Ingredients for Snacking Success

Ingredients for Snacking Success


Who doesn’t love a good snack? Always at the ready, those crispy, crunchy, chewy provisions are our comfort food when we’re down, meal replacement when we’re in a hurry, companion when we’re relaxing and party staple when we’re celebrating.

As snack manufacturers look to tailor offerings to deliver snacks that appeal to both the palate and the psyche, knowing what drives a consumer to pick one snack rather than another is vital to stay competitive in the $900 million* New Zealand snacking industry.

Recent Nielsen research shows that healthy habits prevail by a slim margin, with 69% of respondents saying they’d consumed fresh fruit as a snack in the past 30 days – the most popular choice overall. However chocolate is a very close second with two-thirds (67%) opting for a sweet treat, followed by potato chips with 62% of the New Zealanders surveyed. 

When asked about their first choice of snack, fresh fruit also came up trumps with almost one in five (20%) choosing the healthy option, followed by chocolate (13%) and a mid-meal sandwich coming third (9%). The most popular reason for snacking is ‘to satisfy hunger between meals’ – as cited by 82% of New Zealanders who eat snack foods.

While skipping breakfast is often talked about, and evident among one-third (34%) of New Zealanders who snack, a whopping 45% skipped lunch in favour of a snack in the past 30 days. Fewer New Zealanders seem to miss dinner though, with 27% turning to snacks instead of eating a proper night-time meal.

There is a perception that snacks are intended more for in-between meals than for actual replacements. But busy, on-the-go lifestyles often dictate a need for quick meals, and many opt for fast food options that can be high in calories and low in health benefits. There is a massive untapped opportunity to gain market share in the nutritious, portable and easy-to-eat meal alternative market that snack manufacturers could fill.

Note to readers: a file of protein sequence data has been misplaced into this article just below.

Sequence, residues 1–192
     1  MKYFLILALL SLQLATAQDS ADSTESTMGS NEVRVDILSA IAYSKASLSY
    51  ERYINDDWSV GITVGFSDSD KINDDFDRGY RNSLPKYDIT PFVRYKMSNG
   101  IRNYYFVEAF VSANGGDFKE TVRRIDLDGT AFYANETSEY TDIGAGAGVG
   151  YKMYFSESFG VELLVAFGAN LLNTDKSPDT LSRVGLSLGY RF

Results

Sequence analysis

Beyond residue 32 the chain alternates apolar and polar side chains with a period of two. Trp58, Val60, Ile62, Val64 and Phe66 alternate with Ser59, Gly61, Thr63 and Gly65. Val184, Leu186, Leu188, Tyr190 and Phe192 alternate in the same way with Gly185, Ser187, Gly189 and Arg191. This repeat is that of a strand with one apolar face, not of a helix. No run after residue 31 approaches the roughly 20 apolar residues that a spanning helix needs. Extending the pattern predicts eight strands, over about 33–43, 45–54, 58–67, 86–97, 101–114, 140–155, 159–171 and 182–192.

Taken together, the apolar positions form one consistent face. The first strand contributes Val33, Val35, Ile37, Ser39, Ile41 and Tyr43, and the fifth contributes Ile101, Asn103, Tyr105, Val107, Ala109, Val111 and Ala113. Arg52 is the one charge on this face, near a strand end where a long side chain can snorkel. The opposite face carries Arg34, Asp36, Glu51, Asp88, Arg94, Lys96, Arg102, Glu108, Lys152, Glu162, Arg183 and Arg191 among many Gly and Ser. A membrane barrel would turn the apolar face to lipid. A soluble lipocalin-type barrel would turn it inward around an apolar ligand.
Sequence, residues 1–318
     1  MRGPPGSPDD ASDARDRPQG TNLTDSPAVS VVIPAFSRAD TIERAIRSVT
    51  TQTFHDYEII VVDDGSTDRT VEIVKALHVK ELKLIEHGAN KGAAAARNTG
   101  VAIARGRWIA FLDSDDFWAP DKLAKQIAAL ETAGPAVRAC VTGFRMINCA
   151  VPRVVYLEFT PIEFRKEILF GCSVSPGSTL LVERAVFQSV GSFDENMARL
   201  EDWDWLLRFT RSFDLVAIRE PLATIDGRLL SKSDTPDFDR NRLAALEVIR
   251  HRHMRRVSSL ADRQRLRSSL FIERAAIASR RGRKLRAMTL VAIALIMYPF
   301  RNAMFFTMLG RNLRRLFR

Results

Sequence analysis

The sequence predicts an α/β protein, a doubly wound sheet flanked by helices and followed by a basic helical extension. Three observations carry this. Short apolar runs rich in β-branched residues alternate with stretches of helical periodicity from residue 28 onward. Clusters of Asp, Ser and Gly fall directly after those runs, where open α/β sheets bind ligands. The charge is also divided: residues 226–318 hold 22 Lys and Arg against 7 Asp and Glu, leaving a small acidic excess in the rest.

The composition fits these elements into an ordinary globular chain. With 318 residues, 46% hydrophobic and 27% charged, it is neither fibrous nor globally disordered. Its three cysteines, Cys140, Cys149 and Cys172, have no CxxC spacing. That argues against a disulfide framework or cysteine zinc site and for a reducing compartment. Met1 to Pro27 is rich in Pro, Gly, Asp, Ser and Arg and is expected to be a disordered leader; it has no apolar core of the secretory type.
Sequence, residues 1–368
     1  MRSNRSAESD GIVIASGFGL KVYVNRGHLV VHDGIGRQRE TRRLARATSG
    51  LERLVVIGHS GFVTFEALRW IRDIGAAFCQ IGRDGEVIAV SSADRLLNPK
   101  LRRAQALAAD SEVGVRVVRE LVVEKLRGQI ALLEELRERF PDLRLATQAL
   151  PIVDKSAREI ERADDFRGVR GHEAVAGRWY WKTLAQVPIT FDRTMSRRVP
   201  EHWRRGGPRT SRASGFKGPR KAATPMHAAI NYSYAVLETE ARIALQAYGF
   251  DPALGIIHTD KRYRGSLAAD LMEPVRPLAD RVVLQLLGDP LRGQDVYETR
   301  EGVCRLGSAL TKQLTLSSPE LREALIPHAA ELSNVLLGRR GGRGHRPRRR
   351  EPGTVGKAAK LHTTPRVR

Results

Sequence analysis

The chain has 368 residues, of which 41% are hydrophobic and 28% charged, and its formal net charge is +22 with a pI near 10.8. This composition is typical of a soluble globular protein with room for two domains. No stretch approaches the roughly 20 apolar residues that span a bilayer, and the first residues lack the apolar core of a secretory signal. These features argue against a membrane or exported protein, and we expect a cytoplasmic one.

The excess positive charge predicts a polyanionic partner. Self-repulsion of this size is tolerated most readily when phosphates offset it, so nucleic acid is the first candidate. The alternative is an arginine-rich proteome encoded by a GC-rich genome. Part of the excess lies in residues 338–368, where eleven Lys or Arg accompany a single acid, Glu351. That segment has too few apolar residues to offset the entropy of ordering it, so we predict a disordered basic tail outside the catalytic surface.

What specific health attributes do we look for in our snacks? Snack foods that contain low sugar or are sugar free are rated very important by 28% of New Zealand respondents. While a quarter list having natural flavours (26%), GMO free (26%), no artificial colours (25%) or no artificial flavours (25%) as very important. Snacks that are ‘low in fat’ are very important for one-fifth (20%) of those who snack and gluten free is rated very important by 7% of Kiwis.

The competition for ‘share of stomach’ is extremely fierce with a range of snack options available. A better understanding of consumer demand and the need states that drive demographic profile preferences will help manufacturers crack the code on the right portfolio balance between indulgence and healthy. It will also increase the odds of success in this ultra-competitive landscape.

*Total snack foods, lunchbox snacks and confectionary


The Nielsen Global Survey of Snacking was conducted between Feb. 17 and March 7, 2014, and polled more than 30,000 consumers in 60 countries throughout Asia-Pacific, Europe, Latin America, the Middle East, Africa and North America. The sample has quotas based on age and sex for each country based on its Internet users and is weighted to be representative of Internet consumers. It has a margin of error of ±0.6 %. This Nielsen survey is based only on the behavior of respondents with online access. Internet penetration rates vary by country. Nielsen uses a minimum reporting standard of 60% Internet penetration or an online population of 10 million for survey inclusion. The Nielsen Global Survey, which includes the Global Consumer Confidence Index, was established in 2005.